It works with apps that support it, too, with creative software such as Pixelmator showing previews of various filters and Apple’s own Notes app providing a preview of how the colours will look when mixed.

It’s a clever feature with myriad useful possibilities, but Apple hasn’t done an awful lot with it, unfortunately. In most places, all you get when you hover is a highlight, which is useful feedback but hardly groundbreaking stuff. Why hasn’t Apple upgraded Photos so it shows a preview when you hover the pencil over images, for instance, or expanded views of the desktop widgets. It’s disappointingly under-used at the moment, although that may change over time.

The advent of iOS 16 does mitigate this disappointment to a point, however. At first, the much vaunted Stage Manager system seems to be little more than window dressing. It allows you to arrange and resize up to four app windows in your current workspace at any one time, much like any other MacOS or Windows laptop does. However, along with resizable windows it will soon incorporate full external monitor support, allowing users, at last, to extend the iPad desktop onto a second screen. This should work on M1 as well as M2 iPads, though, so there’s no need to upgrade if you already own last year’s iPad Pro.

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Check price at John Lewis

Apple iPad Pro (M2, 2022) review: Display

As with the M1 iPad Pro, the M2 deploys a mini-LED panel for the visuals and a wonderful thing it is, too. It has a resolution of 2,732 x 2,048, refreshes at up to 120Hz for ultra-smooth scrolling and motion and reproduces a claimed 100% of the P3 colour gamut.

In testing, I found it was able to reproduce 98.5% of P3 colours with an average colour difference Delta E score of 1.75 versus DCI-P3, a peak brightness of 1,123cd/m2 and a contrast ratio that isn’t perfect but is perceptibly so. It doesn’t quite have the vibrant perfection of an OLED panel because not every pixel has its own light source but its 2,596-LED full array local dimming system means it comes very, very close.

In short, it’s a display that’s fantastic for everything from professional photo editing and video editing all the way through to HDR movies and TV shows. It’s a stunner; the only disappointment is that the 11in iPad Pro doesn’t have the same screen, making do with the lesser Liquid Retina IPS LCD panel standard LEDs.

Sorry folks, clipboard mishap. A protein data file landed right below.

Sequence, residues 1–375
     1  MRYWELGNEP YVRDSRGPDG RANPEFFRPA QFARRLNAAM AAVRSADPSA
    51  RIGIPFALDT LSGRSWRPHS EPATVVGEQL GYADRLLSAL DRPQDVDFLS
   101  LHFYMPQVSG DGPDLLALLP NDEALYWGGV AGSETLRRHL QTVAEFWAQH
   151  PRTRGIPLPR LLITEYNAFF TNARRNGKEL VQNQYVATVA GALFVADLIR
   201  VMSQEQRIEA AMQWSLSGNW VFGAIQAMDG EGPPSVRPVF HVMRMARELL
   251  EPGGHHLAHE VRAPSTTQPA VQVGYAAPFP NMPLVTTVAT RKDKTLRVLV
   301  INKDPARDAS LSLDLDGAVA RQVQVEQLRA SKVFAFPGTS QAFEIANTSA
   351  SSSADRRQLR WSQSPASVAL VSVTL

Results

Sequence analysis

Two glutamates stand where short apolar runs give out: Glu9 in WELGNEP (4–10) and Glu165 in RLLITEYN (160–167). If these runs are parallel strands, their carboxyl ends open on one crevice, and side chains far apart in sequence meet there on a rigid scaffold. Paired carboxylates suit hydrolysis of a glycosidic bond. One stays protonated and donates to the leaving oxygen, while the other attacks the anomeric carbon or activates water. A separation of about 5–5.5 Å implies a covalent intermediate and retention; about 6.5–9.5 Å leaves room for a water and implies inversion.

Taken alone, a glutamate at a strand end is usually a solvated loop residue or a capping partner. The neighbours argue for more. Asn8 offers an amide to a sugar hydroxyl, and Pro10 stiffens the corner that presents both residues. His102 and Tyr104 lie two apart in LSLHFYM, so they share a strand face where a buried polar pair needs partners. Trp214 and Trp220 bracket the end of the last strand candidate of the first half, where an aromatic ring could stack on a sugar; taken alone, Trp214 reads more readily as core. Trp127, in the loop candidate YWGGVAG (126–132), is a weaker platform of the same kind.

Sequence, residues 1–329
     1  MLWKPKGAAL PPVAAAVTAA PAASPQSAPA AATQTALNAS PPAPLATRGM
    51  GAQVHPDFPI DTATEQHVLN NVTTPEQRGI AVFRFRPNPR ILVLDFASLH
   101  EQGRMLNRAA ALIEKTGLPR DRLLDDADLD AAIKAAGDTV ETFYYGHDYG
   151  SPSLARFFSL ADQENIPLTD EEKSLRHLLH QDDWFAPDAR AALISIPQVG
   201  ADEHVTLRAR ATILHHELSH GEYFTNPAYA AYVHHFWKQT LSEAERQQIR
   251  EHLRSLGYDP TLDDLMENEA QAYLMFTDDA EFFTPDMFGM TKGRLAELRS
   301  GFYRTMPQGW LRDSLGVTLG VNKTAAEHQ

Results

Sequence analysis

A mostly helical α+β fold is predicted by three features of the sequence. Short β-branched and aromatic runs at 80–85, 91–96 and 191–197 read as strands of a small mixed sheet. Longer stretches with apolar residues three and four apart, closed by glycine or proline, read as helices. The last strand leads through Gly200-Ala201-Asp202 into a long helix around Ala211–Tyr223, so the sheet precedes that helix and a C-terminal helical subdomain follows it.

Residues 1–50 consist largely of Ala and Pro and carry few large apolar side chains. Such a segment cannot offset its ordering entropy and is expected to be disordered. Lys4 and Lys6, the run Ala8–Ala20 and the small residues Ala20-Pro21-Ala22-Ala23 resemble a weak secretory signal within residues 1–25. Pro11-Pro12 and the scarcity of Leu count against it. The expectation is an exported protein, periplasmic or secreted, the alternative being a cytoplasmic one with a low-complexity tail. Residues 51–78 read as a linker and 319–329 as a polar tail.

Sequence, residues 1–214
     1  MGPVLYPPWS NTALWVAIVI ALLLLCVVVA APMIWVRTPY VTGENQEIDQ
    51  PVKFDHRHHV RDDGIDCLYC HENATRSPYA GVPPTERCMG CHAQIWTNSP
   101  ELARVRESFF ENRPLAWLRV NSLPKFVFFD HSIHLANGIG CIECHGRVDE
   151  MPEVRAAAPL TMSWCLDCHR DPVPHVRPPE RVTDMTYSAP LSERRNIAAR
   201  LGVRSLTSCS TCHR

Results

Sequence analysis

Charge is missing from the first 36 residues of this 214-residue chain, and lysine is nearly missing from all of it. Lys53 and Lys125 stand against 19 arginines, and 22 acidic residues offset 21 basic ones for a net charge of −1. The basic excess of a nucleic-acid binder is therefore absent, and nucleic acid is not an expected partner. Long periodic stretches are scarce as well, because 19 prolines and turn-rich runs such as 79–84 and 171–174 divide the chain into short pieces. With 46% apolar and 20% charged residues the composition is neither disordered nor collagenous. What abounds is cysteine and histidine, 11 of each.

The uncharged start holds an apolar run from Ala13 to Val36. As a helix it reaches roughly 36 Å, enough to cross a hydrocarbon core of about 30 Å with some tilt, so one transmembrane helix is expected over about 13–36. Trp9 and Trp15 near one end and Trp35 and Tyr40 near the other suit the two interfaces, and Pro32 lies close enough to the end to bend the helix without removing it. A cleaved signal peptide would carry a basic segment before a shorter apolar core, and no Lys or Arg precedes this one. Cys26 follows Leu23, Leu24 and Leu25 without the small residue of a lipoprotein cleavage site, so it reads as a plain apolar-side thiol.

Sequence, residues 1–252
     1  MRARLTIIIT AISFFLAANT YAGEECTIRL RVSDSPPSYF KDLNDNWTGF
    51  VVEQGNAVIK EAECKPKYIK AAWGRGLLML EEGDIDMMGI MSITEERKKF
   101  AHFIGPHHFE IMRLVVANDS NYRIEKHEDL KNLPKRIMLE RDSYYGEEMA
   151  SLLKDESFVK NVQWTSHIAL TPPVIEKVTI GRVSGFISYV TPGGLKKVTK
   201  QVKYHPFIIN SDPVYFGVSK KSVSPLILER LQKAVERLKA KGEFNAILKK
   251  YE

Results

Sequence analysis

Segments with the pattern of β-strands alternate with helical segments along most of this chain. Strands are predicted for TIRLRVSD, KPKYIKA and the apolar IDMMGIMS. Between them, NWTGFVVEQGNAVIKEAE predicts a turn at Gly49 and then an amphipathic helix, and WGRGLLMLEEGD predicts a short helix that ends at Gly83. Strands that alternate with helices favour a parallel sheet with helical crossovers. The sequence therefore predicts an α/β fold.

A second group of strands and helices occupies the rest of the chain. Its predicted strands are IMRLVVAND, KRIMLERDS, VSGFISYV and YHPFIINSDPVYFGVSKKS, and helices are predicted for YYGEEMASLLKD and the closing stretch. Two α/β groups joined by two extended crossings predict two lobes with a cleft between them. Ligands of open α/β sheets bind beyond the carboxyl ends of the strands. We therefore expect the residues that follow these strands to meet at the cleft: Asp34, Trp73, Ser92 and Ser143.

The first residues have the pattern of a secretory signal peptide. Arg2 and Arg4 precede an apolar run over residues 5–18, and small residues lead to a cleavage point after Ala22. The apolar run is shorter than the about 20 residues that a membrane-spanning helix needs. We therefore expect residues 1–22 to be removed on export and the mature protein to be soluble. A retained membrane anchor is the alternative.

Apple iPad Pro (M2, 2022) review: Performance

The octa-core M2 chip in the iPad Pro is, as you might expect, speedier than the M1 chip in last year’s model. Apple says the CPU is 18% quicker, the GPU 35% faster and the Neural Engine a full 40% faster than on the M1.

Other improvements include a slightly faster 3.49GHz clock speed (versus the M1’s 3.2GHz), a ten-core GPU and support for up to 24GB of RAM, although the M2 iPad Pro only comes with up to 16GB on the 1TB and 2TB models.

As evidenced by the benchmarks, the iPad Pro is a bit quick. But you’ll probably not notice it in day-to-day use. The M1 iPad Pro was quick enough for anything I ever used it for and I’ve never wanted for speed. In fact, the only things that have ever slowed me down when using the M1 iPad were the usual snarl ups with iPadOS and the inability to extend your desktop to an external display, which will soon be a thing of the past anyway.

Despite the speedier processor, battery life on the M2 iPad is pretty much the same as last year. In our video-rundown tests, where we set the screen to a standard brightness of 170cd/m2 and engage flight mode, the tablet discharged from 100% to empty in 11hrs 18mins. That’s fine, but I’d like it to be better, especially when Apple’s own MacBook Air – powered by the very same silicon – is capable of lasting almost six hours longer in this test.

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Apple iPad Pro (M2, 2022) review: Verdict

The M2 Apple iPad Pro is a marvellous machine. It’s incredibly powerful, has a great screen and pretty good battery life. There are a few areas in need of improvement – I’d like the webcam to move to the long edge so your video calls aren’t always showing you at an angle and I’d like more USB-C ports, too – but largely it seems like the hardware has matured, until the next big innovation.

However, even taking all of the positives into account, it is becoming increasingly difficult to justify investing in an iPad at prices this high. The simple fact is that the £250 price hike in 2022 means that a M2 iPad Pro 12.9in with the Magic Keyboard costs nearly £400 more than for an Apple M2 MacBook Air. When you consider that the MacBook has better battery life, double the storage, a larger screen and weighs less, even Apple diehards will have to admit that the M2 iPad Pro is a tough sell.

Check price at John Lewis